At Friday’s Innovation Ireland Forum in Dublin, the first panel discussion revolved around research funding and STEM education in Ireland.
The first panel, headed by Silicon Republic CEO Ann O’Dea, included DCU president Brian MacCraith, CTVR director Linda Doyle, Nuritas founder and CSO Nora Khaldi, and Irish Research Council member Prof Alan Smeaton.
It is important that Ireland’s researchers have a multi-disciplinary approach, and that we as a country facilitate collaboration across what perhaps might be unlikely disciplines, such as art and technology, economics and engineering, humanities and analytics. That was one of the conclusions of the first panel at the Innovation Ireland Forum hosted by Silicon Republic.
Gender, too, arose in the panel discussion. More than 117,800 people work science, technology, engineering and research in Ireland but only 25pc of those are women.
Doyle reminded delegates that in the developing world, women are seen as leaders in technology and are very much the gatekeepers of technology. “Women have a natural affinity for technology, it is not just what men gravitate towards.
“Something is wrong here. Why are we not able to harness that? There is something wrong in undergraduate education and I believe it is a context that needs to be redesigned.”
MacCraith is chairing a review of STEM education for the Irish Government, which will be reporting in late November, and he too is focussed on the gender issue.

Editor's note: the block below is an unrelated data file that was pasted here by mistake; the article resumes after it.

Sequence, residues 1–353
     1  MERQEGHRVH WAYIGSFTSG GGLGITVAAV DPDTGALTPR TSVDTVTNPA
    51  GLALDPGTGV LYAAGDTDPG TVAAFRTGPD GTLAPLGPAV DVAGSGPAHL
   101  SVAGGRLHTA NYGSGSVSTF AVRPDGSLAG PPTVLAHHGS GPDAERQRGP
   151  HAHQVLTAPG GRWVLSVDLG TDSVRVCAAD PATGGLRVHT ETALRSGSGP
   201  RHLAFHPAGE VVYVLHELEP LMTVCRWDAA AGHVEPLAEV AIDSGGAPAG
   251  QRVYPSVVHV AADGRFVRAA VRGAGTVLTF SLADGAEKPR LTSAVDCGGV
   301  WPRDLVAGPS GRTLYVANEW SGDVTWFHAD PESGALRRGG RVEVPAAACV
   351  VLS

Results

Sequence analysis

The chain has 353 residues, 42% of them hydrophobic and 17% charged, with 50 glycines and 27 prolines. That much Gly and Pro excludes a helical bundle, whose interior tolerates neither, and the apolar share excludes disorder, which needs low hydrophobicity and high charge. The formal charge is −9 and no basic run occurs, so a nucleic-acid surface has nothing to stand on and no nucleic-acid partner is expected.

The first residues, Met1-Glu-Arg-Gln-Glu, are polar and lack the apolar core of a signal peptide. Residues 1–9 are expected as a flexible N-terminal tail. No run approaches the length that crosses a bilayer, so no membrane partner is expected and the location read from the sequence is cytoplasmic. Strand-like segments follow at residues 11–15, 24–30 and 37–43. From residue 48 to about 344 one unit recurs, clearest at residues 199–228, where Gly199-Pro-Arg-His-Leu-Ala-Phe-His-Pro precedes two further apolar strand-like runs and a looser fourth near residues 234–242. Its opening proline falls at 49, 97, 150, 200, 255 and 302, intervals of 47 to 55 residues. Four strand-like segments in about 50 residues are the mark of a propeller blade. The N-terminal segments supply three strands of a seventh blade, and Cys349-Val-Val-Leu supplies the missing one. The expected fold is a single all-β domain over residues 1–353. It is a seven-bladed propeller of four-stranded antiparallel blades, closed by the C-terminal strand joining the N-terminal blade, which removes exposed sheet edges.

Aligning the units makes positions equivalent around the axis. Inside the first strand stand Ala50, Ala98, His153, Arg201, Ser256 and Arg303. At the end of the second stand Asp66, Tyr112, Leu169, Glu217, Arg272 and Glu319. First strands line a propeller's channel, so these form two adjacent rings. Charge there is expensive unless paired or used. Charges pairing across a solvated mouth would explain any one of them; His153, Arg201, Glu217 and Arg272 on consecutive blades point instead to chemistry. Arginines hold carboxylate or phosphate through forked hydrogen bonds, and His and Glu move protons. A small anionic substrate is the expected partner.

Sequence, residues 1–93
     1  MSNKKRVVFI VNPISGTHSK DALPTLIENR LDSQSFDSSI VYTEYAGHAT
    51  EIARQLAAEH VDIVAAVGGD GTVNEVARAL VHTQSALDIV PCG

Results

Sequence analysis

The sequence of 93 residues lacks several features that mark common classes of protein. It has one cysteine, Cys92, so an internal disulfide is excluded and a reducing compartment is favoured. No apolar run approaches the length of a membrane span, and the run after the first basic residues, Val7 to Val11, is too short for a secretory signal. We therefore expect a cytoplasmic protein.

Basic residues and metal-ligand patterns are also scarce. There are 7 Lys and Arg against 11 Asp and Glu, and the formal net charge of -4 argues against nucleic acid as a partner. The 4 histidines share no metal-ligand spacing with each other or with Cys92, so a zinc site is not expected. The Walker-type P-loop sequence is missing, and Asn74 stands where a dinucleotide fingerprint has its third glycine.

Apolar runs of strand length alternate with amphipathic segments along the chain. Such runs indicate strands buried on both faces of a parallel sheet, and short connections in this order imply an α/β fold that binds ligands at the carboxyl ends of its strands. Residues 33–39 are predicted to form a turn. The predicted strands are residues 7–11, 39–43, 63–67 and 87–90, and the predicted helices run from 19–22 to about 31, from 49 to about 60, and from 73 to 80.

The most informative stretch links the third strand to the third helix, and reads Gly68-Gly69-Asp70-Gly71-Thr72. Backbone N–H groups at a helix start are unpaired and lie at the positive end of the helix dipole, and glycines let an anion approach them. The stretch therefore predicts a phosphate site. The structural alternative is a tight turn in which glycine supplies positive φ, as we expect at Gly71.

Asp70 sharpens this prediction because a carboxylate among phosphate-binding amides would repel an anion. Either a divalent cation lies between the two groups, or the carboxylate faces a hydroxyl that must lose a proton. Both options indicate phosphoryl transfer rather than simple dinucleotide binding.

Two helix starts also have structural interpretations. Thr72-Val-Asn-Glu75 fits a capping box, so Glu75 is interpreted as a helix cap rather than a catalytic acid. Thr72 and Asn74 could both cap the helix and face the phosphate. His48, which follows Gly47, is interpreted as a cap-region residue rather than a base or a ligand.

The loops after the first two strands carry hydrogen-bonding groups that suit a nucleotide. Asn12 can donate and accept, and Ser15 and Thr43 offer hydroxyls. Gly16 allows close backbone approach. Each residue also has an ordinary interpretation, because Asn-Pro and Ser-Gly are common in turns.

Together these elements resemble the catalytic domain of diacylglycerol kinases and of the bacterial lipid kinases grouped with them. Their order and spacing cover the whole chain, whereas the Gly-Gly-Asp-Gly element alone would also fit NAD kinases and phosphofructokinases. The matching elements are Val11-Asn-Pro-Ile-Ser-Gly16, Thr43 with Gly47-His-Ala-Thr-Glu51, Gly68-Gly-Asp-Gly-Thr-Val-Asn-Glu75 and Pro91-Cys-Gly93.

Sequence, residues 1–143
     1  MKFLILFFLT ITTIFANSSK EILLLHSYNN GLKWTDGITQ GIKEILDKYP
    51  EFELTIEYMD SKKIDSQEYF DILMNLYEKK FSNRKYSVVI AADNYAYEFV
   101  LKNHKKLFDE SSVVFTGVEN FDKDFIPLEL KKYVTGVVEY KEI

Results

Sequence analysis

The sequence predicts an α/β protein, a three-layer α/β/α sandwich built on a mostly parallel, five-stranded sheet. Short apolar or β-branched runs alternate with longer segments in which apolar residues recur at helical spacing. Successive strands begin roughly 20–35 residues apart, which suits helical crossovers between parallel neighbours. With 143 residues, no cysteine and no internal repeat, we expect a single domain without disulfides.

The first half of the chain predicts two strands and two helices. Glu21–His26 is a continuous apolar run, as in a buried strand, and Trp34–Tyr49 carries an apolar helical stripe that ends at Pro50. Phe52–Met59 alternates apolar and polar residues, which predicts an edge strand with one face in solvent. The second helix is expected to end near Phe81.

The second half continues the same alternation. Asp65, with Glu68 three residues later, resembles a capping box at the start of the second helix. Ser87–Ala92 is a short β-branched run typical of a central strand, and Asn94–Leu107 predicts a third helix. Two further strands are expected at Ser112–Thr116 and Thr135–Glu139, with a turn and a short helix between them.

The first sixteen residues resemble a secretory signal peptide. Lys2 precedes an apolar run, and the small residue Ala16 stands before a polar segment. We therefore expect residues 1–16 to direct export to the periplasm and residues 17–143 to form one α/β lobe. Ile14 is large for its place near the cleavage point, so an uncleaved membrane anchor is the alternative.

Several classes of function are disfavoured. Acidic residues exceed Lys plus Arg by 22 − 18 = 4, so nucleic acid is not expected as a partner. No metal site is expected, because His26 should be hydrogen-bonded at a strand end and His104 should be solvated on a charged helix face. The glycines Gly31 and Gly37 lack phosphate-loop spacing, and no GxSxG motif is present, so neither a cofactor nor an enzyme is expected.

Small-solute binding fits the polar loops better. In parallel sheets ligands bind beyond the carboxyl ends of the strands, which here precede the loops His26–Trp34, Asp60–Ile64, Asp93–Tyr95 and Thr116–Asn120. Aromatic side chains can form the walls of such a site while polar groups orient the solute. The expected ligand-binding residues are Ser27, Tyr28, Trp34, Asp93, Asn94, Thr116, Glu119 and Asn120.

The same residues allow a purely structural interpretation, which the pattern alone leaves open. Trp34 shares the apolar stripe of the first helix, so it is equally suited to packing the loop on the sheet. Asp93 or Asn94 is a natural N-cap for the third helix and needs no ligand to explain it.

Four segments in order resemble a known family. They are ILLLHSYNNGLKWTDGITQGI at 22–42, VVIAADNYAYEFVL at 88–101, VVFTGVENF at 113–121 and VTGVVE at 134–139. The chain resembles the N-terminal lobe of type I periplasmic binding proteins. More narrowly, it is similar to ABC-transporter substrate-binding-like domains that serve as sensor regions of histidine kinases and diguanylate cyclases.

“The ICT industry is an area of economic growth but the difficulty is only 55pc of the jobs can be provided by Irish graduates,” he told the forum, adding that a major focus of the report for Government will be on the nature of teaching, the promotion of STEM, and of course correcting the gender imbalance when it comes to selecting STEM subjects at second level.
Nora Khaldi, CSO and founder of Nuritas, a Dublin-based bio-informatics company, told the audience how it was her love of pure mathematics that led her to build a company that could change the world of food. She believes children are being made to choose far too early in their education what subjects to pursue, unlike in her own school education in France.
“It’s OK not to like science. The big decision is deciding when you are 12 that science is not exciting. We need to harness children’s innate curiosity and showcasing that science can be exciting.”
At post-graduate level, Smeaton pointed to the importance of funding excellence when it came to independent researchers, as the council does, and indeed remarked that Khaldi was once a recipient of such funding. He said this needed to be carried out in parallel to, for example, the Science Foundation Ireland centres of excellence. MacCraith agreed it was vital that as a country Ireland gets the balance right between applied and basic research.
Watch highlights from the first panel discussion at the Innovation Ireland Forum here:
Part 1 of 3:
Part 2 of 3:
Part 3 of 3:
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